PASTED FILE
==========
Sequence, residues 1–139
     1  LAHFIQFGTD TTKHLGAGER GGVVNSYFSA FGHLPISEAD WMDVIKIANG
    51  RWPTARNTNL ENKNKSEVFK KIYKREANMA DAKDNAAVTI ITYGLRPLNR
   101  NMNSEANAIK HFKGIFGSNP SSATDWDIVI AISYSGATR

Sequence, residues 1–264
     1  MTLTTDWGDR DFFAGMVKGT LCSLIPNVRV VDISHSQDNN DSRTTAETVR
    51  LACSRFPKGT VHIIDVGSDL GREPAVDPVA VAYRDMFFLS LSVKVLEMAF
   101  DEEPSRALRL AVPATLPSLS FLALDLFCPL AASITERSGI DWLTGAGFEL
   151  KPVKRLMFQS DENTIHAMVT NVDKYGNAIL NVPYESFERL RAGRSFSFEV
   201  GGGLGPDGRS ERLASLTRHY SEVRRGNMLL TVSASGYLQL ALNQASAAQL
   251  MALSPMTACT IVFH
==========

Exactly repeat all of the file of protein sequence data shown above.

Sequence, residues 1–139
     1  LAHFIQFGTD TTKHLGAGER GGVVNSYFSA FGHLPISEAD WMDVIKIANG
    51  RWPTARNTNL ENKNKSEVFK KIYKREANMA DAKDNAAVTI ITYGLRPLNR
   101  NMNSEANAIK HFKGIFGSNP SSATDWDIVI AISYSGATR

Sequence, residues 1–264
     1  MTLTTDWGDR DFFAGMVKGT LCSLIPNVRV VDISHSQDNN DSRTTAETVR
    51  LACSRFPKGT VHIIDVGSDL GREPAVDPVA VAYRDMFFLS LSVKVLEMAF
   101  DEEPSRALRL AVPATLPSLS FLALDLFCPL AASITERSGI DWLTGAGFEL
   151  KPVKRLMFQS DENTIHAMVT NVDKYGNAIL NVPYESFERL RAGRSFSFEV
   201  GGGLGPDGRS ERLASLTRHY SEVRRGNMLL TVSASGYLQL ALNQASAAQL
   251  MALSPMTACT IVFH